Lucy McKeon, Salon
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If you thought the debates over the debt ceiling last year – one of the most striking examples of political dysfunction and gridlock in recent memory — were over, think again. Although Republicans agreed to a small raise and to put off discussion of the issue until after the upcoming 2012 elections, Senate Minority Leader Mitch McConnell told Fox, “We’ll be doing it all over” in 2013. Clearly, the partisan rupture that’s dividing Washington is not going to heal any time soon, but how did things get so dire to begin with?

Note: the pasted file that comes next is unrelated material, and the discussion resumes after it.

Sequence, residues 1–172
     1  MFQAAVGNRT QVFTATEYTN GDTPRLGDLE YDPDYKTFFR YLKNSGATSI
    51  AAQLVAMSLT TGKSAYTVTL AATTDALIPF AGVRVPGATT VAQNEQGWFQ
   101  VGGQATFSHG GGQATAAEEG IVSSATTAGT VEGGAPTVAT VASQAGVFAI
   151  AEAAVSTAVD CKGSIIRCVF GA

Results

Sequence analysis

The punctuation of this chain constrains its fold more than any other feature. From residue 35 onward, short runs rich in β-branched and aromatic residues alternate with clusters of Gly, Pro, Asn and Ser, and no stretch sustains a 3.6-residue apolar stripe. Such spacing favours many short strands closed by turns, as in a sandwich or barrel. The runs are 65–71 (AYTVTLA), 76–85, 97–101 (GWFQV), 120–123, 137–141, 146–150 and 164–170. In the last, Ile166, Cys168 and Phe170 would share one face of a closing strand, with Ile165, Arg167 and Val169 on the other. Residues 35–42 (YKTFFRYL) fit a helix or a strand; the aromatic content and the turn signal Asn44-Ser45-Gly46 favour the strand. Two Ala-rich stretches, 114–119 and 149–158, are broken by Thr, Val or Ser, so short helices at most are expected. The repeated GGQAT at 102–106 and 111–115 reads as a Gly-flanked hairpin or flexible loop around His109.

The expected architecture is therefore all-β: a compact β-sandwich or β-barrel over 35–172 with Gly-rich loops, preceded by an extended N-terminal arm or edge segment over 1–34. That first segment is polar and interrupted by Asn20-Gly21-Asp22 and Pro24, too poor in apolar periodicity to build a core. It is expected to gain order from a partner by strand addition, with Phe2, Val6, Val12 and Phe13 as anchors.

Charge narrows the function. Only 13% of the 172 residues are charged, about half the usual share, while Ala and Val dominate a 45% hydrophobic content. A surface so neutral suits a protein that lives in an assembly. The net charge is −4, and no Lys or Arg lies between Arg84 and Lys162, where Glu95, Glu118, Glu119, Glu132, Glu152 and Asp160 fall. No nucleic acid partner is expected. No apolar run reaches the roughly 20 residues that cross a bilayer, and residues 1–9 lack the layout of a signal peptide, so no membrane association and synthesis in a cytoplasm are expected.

When congressional scholars Thomas E. Mann and Norman J. Ornstein say “It’s Even Worse Than It Looks” – the title of their book – they’re being serious (subtitle: “How the American Constitutional System Collided With the New Politics of Extremism”). Mann, the W. Averell Harriman chair and senior fellow in Governance Studies at the Brookings Institution, and Ornstein, a resident scholar at the American Enterprise Institute, began the Congress Project in the midst of the 1978 midterm campaign to track the institution as it evolved. What they’ve found since hasn’t been encouraging.